Effective Decision Making
In Business

Companies that have an effective decision making process are more successful financially, whether this is measured in revenue growth, return on investment or total shareholder returns. So say the authors of the book Decide and Deliver.

They have studied 750 companies worldwide of various sizes and in various sectors, and there was a high correlation between effective decision making and success in the marketplace. There was also a correlation between being able to make effective decisions and employee involvement. People are generally happier work in a place where it's easy to make decisions and get things done.


Four aspects

  • Quality
  • Speed
  • Yield
  • Effort

In terms of quality, it's obviously important to be making good decisions on a regular basis. This is a given.

Speed is the second important aspect in effective decision making. Is there time wasted within the organization making decisions and how quickly does the company make decisions in relation to the competition?

Yield measures how the decisions are executed relative to how they were intended to be executed.

And how much effort is expended in decision making? What is the cost and the angst and the energy expended by the organization?

Improving one of these four areas allows a company to improve its performance in effective decision making, but having all four together has a multiplier effect.

Some companies may be good in one area or another and putting attention on the weaker areas will typically allow for a significant improvement in performance.


Barriers to effective decision making

Nowadays companies may be very complex because they are trying to leverage their resources in different ways, they are trying to access different market sectors in a global marketplace and so on.

This often means that people don't actually know who specifically is making the decision! And this in turn can mean that the decision maker is not actually given all the relevant information.

In many organizations there is a problem with communications where there is little open communication before the decision and the proper open exchange of information only occurs 'after' the decision has supposedly been made..

And occasionally the talent is not available to make the decision.


Five-step assessment

The authors offer 5 steps to develop an effective decision making process within an organization, or more specifically to develop the company around the foundation of an effective decision strategy.

Firstly, companies can measure themselves against their database of companies to know how they measure up in the four areas of quality, speed, yield and effort. This gives them an idea of where they need to put their attention to develop an effective decision process. For example, do they have quality issues, or do they need to make decisions more rapidly?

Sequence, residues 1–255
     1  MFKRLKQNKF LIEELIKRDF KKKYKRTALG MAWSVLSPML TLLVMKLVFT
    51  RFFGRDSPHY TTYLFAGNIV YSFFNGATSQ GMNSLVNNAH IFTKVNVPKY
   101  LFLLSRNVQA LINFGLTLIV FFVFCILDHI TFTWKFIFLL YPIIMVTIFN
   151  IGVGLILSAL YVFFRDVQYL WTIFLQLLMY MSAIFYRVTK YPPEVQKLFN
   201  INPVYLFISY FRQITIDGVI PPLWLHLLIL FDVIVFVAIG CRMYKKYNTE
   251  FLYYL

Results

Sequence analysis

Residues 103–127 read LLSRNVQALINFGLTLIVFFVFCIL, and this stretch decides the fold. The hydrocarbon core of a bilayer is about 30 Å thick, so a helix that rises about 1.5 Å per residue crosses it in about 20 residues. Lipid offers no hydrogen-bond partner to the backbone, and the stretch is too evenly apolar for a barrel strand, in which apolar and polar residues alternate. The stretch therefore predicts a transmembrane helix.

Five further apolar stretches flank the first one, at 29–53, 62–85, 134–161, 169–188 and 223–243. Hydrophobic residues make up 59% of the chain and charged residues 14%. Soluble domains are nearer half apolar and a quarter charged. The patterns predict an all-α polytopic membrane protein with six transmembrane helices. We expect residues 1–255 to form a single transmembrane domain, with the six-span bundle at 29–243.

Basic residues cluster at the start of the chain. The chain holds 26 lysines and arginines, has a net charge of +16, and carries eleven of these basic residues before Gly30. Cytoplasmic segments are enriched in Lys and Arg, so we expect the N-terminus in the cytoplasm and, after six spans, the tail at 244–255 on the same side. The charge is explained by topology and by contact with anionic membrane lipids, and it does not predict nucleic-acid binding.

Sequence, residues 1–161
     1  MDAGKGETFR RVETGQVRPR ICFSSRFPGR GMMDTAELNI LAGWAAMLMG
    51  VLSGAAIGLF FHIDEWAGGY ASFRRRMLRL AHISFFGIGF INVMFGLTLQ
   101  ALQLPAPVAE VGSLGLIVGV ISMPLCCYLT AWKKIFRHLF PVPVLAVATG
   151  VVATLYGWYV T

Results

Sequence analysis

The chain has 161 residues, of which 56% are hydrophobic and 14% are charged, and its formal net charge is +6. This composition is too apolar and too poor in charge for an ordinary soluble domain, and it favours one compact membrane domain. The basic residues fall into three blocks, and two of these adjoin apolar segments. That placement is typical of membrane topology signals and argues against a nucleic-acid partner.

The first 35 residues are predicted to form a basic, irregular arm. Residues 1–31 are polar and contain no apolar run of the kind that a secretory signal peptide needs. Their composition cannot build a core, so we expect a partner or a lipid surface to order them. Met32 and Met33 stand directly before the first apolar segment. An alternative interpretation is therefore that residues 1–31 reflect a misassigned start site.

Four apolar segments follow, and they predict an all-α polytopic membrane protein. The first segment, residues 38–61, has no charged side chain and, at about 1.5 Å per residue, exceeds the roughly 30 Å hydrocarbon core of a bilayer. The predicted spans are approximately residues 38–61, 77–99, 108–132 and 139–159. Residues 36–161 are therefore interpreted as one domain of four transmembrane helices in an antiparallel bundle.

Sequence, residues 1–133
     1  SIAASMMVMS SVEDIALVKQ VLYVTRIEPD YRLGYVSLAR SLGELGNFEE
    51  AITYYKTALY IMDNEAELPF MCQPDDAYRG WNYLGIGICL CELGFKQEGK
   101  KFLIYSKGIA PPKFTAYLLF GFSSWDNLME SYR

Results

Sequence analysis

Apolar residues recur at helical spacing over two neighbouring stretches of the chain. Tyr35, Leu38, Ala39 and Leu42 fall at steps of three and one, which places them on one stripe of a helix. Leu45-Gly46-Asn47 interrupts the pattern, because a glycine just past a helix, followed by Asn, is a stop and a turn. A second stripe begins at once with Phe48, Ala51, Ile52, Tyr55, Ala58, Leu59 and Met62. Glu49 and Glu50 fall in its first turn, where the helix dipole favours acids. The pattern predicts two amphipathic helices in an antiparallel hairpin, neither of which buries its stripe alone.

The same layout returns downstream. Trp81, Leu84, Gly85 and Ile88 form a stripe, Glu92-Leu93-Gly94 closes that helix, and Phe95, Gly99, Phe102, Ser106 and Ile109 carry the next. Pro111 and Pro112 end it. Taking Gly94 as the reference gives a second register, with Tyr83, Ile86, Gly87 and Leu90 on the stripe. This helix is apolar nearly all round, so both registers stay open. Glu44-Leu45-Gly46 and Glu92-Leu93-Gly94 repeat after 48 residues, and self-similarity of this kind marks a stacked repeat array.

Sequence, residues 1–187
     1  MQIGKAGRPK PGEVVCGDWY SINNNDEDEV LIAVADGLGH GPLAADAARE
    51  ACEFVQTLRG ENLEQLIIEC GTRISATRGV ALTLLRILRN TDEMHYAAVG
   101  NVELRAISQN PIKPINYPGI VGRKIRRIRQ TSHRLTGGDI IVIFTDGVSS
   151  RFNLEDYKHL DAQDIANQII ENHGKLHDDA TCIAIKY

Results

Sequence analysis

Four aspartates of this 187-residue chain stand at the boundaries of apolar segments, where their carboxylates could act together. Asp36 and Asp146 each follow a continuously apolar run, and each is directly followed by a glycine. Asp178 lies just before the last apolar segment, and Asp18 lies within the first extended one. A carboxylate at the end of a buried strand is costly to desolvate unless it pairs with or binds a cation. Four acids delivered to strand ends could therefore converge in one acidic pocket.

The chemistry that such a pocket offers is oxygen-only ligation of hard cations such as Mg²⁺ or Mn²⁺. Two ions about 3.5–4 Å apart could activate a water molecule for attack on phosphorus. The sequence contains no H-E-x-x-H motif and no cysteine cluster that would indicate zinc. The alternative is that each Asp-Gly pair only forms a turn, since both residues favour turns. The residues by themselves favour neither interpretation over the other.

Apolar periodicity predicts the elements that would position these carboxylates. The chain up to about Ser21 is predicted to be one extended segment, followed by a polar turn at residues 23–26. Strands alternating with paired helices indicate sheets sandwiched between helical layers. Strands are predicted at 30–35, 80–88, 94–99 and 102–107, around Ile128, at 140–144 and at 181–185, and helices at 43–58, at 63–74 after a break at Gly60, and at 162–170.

The second step is to establish decision priorities. Successful companies are very clear about which decisions are more important than others. They know where to put attention for maximum effect. So what are the critical decisions in the organization?

It's usually easy to recognise when a major one-off decision is important. But what about the day-to-day stuff? The cumulative effect of operational decisions such as pricing, or merchandizing or customer service can be very significant.

What are the 20-30 strategic and operational decisions that have improvement potential that are having or will have the most impact?

If one of them goes wrong, 'fire-fighting' may be tempting but is insufficient. An X-ray approach is necessary to make sure it continues as an effective decision.

This step can really target a company's attention on the particular aspects that make a significant difference to the overall performance.

The third step is the what, who, how and when to set the decisions up to be successful.

The fourth step is to ensure that the rest of your organization supports the decisions. The talent available, the culture in the organization, these things need to be aligned with the decisions.

The fifth step is to make sure that this effective decision making process is embedded within the organization


A different approach

They say that this approach to companies by looking at an effective decision strategy can have a profound effect on the performance and success of companies of any size, where the company stands out and people want to come to work because they know their efforts translate into prompt decisive action.

Read more about the business decision making process

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